LACONIA — The Boys and Girls Club of the Lakes Region celebrated its move into its new home at the St. James Episcopal Church building Thursday morning with a Community Leaders Breakfast that included a visit from New Hampshire Governor Maggie Hassan.
Hassan praised the work of the local leaders who had worked to build the club and find it a home of its own and said that it sat an example for those youth that are served by its programs ''that with teamwork and effort anything is possible.''
Earlier this year the club agreed to buy the 1.3 acre church property and the church buildings for $700,000.
Two plaques were unveiled during the celebration, one which designates the current dining and function room at the church as the Robbie Mills Community Room and the second which recognizes Gladys and Tony Sakowich building, major donors to the club's building fund.
Laconia District Court Judge James Carroll said that the impetus for creating what was the Laconia Teen Center in 1998 was the murder the previous summer of 14-year-old middle school student Robbie Mills.
He recalled that Laconia Assistant School Superintendent Bob Champlin organized a Saturday morning meeting to deal with the issues of violence shortly after the murder and that 200 people showed up and a consensus was developed that a teen center was needed to provide a healthy place for teen activities.
Carroll, who was the Laconia Police Department prosecutor at that time, recalled that Judy Buswell helped write a grant for the Robbie Mills Foundation, which got the project going, and that a Teen Center opened in the basement of the Laconia Community Center in 1999.
Over the years the center relocated to Sacred Heart Church parish hall, where it became affiliated with the Boys and Girls Clubs of America, and later to Our Lady of the Lakes Church in Lakeport. Since earlier this year it has been housed in the old Federal Building on North Main Street, which is now owned and largely occupied by Lakes Region Community Services.
He said that thanks to the devotion of Robbie Mill's mother, Wendy, to keeping her son's legacy alive, the seed which would grow into the home for a Boys and Girls Club was planted.
Paul Gaudet, Sr, of the AutoServ dealerships in Tilton and Belmont, said that he has known Gladys and Tony Sakowich all of his life and that the Andover, Mass., couple, who owned a second home in the Lakes Region, are extremely generous.
''They are wonderful, caring people and huge givers,'' said Gaudet. He said that the Sakowiches, now in their 90s, were married at Our Lady of the Lakes Church in Lakeport in 1955 and have always felt close ties to the Lakes Region and wanted to leave something to the community.
He said that when he told them that the Boys and Girls Club of the Lakes Region wanted to build a building of its own that the couple were eager to help.
''So I was sitting here with the check and didn't know what to do next. So I called Bob Smith (a Gilford resident who is also known for his charitable giving) and in three days he had a trust set up,'' said Gaudet.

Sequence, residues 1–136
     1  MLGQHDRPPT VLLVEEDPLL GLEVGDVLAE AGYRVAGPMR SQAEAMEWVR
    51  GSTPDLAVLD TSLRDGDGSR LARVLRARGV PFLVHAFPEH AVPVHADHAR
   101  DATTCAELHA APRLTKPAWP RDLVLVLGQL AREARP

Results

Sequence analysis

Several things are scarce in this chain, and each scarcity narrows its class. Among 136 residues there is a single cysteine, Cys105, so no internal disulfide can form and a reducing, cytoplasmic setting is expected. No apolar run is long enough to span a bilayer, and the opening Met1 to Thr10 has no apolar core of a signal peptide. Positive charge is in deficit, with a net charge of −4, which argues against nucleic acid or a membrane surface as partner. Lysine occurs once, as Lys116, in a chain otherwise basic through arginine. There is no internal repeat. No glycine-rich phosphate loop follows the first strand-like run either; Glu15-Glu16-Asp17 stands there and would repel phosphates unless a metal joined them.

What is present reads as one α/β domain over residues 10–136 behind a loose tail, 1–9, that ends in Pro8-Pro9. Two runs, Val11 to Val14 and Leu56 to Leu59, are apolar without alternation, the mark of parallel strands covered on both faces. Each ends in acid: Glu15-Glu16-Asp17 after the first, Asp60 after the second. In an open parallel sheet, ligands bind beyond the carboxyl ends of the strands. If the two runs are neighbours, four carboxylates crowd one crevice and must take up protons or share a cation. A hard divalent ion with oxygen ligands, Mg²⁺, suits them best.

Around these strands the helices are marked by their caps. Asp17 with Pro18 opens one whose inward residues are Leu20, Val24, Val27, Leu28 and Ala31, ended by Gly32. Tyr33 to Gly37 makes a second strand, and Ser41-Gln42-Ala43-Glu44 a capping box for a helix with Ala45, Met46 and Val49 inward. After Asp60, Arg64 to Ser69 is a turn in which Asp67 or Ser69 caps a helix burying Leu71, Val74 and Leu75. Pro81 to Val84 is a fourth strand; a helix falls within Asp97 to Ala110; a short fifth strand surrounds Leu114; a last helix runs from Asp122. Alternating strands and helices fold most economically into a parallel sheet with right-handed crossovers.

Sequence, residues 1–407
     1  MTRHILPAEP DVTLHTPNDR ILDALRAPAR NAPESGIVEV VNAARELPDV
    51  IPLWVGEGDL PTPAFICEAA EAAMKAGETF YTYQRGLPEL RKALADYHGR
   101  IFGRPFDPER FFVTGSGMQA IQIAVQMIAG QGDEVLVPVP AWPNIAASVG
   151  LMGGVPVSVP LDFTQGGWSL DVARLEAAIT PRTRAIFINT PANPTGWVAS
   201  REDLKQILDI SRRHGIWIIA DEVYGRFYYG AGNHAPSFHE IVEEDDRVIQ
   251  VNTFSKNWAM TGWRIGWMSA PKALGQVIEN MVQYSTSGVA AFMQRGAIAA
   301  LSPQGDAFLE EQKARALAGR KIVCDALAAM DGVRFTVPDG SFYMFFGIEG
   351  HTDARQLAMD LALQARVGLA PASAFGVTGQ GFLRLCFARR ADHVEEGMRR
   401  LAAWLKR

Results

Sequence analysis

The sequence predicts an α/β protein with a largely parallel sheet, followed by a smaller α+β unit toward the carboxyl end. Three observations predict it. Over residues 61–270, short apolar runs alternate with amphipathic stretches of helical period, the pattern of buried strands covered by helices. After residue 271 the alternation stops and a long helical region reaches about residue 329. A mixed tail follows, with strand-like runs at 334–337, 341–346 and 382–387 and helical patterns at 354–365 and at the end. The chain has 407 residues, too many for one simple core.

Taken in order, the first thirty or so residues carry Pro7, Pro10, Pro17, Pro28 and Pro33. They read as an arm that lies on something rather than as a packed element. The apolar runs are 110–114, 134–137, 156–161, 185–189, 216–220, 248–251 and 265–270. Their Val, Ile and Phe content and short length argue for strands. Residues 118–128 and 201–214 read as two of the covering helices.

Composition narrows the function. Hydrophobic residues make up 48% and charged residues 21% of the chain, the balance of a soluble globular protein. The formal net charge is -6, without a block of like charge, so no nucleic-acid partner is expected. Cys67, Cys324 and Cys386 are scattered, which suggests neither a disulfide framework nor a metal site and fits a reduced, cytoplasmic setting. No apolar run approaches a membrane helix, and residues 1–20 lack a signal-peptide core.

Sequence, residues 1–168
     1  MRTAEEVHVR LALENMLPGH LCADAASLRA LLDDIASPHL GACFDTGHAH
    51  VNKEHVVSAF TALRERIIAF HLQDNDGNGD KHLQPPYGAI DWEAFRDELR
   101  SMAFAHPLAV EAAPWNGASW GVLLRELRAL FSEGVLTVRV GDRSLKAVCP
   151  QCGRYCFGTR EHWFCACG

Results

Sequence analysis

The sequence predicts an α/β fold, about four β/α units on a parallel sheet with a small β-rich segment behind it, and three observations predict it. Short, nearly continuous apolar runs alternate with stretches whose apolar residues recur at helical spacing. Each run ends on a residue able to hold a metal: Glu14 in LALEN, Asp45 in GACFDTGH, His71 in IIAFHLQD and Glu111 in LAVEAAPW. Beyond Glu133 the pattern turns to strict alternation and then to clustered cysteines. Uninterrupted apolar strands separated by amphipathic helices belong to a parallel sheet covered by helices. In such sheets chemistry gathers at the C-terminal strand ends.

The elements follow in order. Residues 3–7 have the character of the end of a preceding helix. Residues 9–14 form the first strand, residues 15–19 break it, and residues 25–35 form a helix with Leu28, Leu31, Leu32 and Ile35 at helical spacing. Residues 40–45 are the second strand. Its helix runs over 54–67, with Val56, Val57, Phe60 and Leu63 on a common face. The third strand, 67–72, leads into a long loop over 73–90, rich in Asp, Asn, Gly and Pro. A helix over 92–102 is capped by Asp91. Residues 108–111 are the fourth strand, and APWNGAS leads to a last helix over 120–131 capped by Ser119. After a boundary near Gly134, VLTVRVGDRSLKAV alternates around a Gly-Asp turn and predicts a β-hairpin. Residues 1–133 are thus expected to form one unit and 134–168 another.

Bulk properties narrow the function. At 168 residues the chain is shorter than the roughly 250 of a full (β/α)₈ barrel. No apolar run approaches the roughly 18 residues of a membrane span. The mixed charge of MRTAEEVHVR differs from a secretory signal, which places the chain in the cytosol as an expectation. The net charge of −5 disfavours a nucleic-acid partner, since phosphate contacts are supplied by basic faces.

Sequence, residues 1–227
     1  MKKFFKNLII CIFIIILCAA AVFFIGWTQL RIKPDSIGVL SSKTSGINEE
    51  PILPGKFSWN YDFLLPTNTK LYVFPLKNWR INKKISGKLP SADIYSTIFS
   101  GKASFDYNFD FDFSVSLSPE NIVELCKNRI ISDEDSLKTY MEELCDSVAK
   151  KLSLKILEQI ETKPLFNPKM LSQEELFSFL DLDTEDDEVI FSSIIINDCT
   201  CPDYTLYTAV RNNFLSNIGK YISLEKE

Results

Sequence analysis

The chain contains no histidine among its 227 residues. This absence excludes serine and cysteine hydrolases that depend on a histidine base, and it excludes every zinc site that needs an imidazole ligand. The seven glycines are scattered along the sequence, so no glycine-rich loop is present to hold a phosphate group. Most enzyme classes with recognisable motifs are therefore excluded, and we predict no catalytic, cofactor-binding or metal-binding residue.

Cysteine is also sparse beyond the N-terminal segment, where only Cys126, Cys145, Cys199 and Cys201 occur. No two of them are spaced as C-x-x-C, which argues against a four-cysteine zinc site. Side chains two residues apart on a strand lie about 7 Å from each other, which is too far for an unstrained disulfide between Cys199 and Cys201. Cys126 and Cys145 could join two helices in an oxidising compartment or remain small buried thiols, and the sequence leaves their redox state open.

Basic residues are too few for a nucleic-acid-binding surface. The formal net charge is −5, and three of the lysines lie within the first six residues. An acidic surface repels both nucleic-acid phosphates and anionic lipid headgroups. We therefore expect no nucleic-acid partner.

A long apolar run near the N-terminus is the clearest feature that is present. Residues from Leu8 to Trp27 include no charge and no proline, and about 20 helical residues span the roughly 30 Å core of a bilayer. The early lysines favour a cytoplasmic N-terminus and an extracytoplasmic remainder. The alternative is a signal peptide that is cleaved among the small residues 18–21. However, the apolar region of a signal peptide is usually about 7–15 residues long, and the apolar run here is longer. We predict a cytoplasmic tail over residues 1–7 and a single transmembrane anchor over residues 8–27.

The amount of the gift was not announced.
Earlier this year Cheryl Avery, executive director of the Boys and Girls Club of the Lakes Region, said the club had a building fund of about $300,000.
''This is our forever home,'' Avery told the audience, adding that the church is "an ideal location" for the club, just a stone's throw from Laconia Middle School and less than a mile from Laconia High School but also across the street from Opechee Park, with its beach, track and playing fields. The building houses a fully equipped kitchen and provides sufficient space for expanded programming for elementary and middle school students and dedicated space for teens.
The church provides 14,000-square-feet of space between the ground floor and half-basement and sits on a 1.3-acre lot together with a 3,000-square-foot bungalow that is unoccupied at present.
Some existing programs at the church, St. James Nursery School and Hands Across Table, a program that feeds those in need once a week, will not be affected by the change in ownership.
Avery said that the club will have eight program rooms downstairs and has a creative arts partnership with the Winnipesaukee Playhouse.
It will be accepting children from 5 to 18 into its programs and Avery said that that no child will be turned away because he or she cannot afford the dues.
Police Chief Chris Adams, who later this year will succeed Al Posnack as president of the board of directors, said that he is excited about the program possibilities for the new building and the role that the club will be playing in the community.
He said that there are many challenges facing the city of Laconia such as domestic violence, drug and alcohol abuse and child neglect.
''Who's going to stop this vicious cycle? We need an organization like this,'' said Adams, who urged people to get involved because ''it will be the most rewarding thing in your life.''
Sarah Palmer, a 17-year-old junior at Laconia High School who is also a staff member at the club said that the club was very important to her. She said that as an only child she started coming to the club and learned how to make friendships.
''It's become my second home and the club changed me. I'm not afraid of anything anymore.''